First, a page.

Archive for the ‘Audiodrome: Music in Film’ category:
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Vangelis’s effervescent soundscapes effortlessly convey the alienation and longing at the centre of Scott’s classic sci-fi.
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Often overshadowed by the likes of Isaac Hayes’ score for Shaft and Curtis Mayfield’s Superfly, Coffy’s evocative score doesn’t receive as much recognition as it should.
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A musical for people who don’t particularly like musicals, Von Trier’s digicam recalibration of the genre depicts a devastating breakdown of the American Dream.
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Structured around spirals and circles, fulfilment and despair, Herrmann’s score penetrates to the heart of obsession.
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Quite untypical of most gialli scores at the time, Nicolai eschews kitschy jazz for stately melancholy.
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Amidst the icy atmospherics swirl bittersweet themes which highlight the blood-warm, romantically charged heart of the story.
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Shuman’s score underpins the downbeat drama and exhibits an emotional depth most untypical of pornography soundtracks.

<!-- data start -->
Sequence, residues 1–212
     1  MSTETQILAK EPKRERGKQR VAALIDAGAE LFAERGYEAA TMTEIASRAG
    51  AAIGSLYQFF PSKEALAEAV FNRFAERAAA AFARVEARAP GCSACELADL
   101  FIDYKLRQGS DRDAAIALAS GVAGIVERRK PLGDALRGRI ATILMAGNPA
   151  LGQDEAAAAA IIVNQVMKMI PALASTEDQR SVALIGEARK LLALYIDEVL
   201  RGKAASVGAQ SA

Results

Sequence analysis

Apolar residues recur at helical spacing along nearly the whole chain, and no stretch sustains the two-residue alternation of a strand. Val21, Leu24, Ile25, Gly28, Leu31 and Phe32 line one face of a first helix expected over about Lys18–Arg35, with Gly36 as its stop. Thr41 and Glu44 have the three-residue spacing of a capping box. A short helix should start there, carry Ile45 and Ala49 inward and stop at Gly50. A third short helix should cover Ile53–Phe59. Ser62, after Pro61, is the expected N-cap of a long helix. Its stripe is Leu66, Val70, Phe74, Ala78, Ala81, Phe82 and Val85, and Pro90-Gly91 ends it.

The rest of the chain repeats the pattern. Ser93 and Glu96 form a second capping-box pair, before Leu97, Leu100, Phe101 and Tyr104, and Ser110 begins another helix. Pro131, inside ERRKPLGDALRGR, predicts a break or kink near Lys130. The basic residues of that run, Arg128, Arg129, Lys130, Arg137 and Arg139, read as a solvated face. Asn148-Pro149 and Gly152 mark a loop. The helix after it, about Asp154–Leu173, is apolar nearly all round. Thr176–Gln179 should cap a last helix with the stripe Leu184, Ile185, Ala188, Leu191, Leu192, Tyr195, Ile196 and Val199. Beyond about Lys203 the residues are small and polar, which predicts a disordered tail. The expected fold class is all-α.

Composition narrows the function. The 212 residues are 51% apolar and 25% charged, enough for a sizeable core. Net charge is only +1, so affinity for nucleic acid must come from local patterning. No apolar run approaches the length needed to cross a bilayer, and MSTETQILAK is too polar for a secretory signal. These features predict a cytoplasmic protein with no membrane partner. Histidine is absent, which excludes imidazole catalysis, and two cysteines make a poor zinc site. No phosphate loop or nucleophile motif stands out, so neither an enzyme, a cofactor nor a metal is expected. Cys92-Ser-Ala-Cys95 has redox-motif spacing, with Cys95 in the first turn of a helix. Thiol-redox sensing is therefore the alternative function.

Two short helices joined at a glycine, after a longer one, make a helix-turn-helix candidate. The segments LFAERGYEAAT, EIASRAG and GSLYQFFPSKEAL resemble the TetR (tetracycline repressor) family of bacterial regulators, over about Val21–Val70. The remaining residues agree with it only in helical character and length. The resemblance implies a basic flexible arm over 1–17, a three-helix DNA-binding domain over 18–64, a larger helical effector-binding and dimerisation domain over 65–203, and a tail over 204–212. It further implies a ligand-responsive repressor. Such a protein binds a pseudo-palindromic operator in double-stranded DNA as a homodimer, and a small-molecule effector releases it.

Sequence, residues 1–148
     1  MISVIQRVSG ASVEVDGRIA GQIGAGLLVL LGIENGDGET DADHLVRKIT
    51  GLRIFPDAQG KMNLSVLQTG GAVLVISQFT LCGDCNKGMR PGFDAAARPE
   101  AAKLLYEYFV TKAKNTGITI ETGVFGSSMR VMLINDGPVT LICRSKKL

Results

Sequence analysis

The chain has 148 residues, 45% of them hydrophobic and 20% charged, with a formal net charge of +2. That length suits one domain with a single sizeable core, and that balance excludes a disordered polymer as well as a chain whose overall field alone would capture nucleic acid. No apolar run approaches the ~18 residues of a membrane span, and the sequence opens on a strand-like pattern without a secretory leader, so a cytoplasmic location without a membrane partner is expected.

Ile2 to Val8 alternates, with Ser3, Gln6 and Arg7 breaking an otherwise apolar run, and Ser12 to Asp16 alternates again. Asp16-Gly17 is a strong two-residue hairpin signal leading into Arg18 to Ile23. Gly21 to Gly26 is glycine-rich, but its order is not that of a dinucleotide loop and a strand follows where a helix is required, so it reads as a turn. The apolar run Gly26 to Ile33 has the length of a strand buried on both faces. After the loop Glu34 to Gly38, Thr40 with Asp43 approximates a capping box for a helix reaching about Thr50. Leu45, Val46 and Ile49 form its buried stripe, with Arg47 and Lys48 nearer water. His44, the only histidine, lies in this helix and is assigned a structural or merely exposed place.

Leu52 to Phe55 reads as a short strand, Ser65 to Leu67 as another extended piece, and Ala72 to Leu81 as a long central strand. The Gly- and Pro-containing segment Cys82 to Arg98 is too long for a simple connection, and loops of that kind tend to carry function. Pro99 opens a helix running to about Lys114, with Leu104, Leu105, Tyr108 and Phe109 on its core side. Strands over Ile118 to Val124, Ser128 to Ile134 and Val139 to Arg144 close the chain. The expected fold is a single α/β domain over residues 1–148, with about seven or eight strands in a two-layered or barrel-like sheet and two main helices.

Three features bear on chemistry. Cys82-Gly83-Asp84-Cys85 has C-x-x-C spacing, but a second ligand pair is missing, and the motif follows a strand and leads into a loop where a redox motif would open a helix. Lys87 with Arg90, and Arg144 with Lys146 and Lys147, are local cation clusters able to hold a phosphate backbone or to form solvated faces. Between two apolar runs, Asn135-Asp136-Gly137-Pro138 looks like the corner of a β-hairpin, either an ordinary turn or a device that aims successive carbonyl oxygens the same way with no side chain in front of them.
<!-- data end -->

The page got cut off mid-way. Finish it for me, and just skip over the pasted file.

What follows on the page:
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“This is like a jazz version of the story… It’s Laura Palmer’s last week of life and it’s got some abstract areas in it.” David Lynch
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Ishikawa deftly matches the dystopian visuals in Tetsuo with all manner of clanking, blasting noisescapes and an onslaught of militant percussive barrages.
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Ditching the customary orchestral approach to horror movie music at the time, in favour of a more raunchy sound, Rustichelli uses the tango to cornerstone this score.
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Liška conveys an abundance of moods with his melodic orchestrations and pulsing oceanic sound effects.
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Informed by ancient rituals, paganism and indigenous folk music. A truly evocative work.